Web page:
IMF‐World Bank Cooperation Before and After the Global Financial Crisis

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This article adopts a diachronic view to compare patterns of institutional evolution of cooperation between the International Monetary Fund (IMF or Fund) and the World Bank (or Bank) before and after the global financial crisis. While the rules for Fund‐Bank cooperation had typically been tightened in response to crisis episodes, on balance they were loosened in the wake of the global financial crisis. Building on over 90 semi‐structured expert interviews and relevant official documentation, I argue that this new trend was grounded in changed imaginaries of cooperation among IMF and World Bank officials. Whereas they had tended to envisage integrative futures in key areas of operational overlap before the crisis, alternative visions of more fragmented joint futures came to prevail after it. This difference manifested itself in a profound shift in official discourses about, as well as interviewee accounts of, the function of the Financial Sector Assessment Programme (FSAP) and Poverty Reduction Strategy Papers (PRSPs). The analysis foregrounds the reflexivity of relationships between international organisations (IOs), especially the ability of IO staff involved in cooperative activities to (re)construct imaginaries that can foster or foreclose inter‐organisational change.

Policy Implications

  • Relationships between IOs are reflexive in the sense that what officials think about inter‐organisational cooperation shapes how this cooperation works. Successful cooperation therefore requires IOs to pay attention not only to ‘hard’ input factors (such as material resources) but also to ‘soft’ ones (such as shared imaginaries of an inter‐organisational relationship).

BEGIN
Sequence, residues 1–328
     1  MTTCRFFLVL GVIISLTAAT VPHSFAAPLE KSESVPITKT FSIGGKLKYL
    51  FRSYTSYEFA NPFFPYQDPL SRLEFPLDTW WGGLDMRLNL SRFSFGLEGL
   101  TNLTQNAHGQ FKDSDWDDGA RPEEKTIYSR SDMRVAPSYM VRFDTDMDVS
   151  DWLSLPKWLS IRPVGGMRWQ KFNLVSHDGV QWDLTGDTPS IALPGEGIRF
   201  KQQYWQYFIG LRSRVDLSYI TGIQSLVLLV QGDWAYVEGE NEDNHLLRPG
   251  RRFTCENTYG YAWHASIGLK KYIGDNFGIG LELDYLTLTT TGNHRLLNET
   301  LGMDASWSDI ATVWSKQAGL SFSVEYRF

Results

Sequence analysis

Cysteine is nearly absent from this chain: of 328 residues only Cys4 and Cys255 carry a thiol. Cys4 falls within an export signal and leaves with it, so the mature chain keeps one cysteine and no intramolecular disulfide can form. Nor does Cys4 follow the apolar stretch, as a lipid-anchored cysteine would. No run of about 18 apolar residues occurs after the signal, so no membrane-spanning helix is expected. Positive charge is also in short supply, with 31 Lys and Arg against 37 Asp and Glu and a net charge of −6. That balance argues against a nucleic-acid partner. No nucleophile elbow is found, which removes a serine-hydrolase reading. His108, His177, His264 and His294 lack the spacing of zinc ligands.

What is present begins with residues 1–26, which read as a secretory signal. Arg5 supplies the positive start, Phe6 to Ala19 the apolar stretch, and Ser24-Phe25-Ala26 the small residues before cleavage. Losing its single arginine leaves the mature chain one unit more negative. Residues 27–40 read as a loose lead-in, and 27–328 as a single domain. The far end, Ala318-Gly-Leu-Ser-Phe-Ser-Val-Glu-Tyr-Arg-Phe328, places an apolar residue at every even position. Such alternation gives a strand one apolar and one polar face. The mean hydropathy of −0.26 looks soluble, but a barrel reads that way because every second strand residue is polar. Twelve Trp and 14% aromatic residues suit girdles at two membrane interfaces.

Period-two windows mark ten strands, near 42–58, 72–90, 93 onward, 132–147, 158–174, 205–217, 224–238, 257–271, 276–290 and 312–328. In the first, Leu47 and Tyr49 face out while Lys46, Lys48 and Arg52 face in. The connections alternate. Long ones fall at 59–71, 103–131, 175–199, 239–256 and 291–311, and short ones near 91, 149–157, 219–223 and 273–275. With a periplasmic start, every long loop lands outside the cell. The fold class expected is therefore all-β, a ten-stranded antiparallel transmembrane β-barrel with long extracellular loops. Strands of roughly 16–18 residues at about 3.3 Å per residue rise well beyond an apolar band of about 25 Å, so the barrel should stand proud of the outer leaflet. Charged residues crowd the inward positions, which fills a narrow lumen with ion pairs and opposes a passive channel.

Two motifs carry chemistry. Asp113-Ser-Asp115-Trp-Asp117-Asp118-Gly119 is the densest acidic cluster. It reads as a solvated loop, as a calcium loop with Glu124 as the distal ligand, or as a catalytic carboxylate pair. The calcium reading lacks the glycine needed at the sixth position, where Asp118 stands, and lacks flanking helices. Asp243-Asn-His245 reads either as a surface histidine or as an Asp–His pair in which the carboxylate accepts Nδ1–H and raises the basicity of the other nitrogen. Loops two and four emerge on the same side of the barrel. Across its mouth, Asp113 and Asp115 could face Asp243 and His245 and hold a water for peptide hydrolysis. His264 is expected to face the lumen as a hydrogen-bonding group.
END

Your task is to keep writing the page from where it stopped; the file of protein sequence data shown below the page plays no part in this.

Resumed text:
• Since the global financial crisis, the relationship between the IMF and the World Bank has become institutionally looser and more selective. As the anticipated future tasks of the organisations gradually diverge, new cooperative relationships with other actors, including the Financial Stability Board (FSB) for the Fund and the United Nations (UN) for the Bank, will need to be built or deepened.
  • At least in the case of Fund‐Bank cooperation, staff members enjoy considerable influence on matters of institutional design. Unless member states develop greater knowledge of processes of inter‐organisational cooperation, they will be unable to effectively monitor how staff teams cooperate on a day‐to‐day basis.
  • To understand how institutional fragmentation can complicate global governance, policymakers and analysts alike should pay more attention to relationships between IOs. Inter‐organisational fragmentation can have knock‐on effects on other institutional elements of global governance architectures, such as international regimes or norms.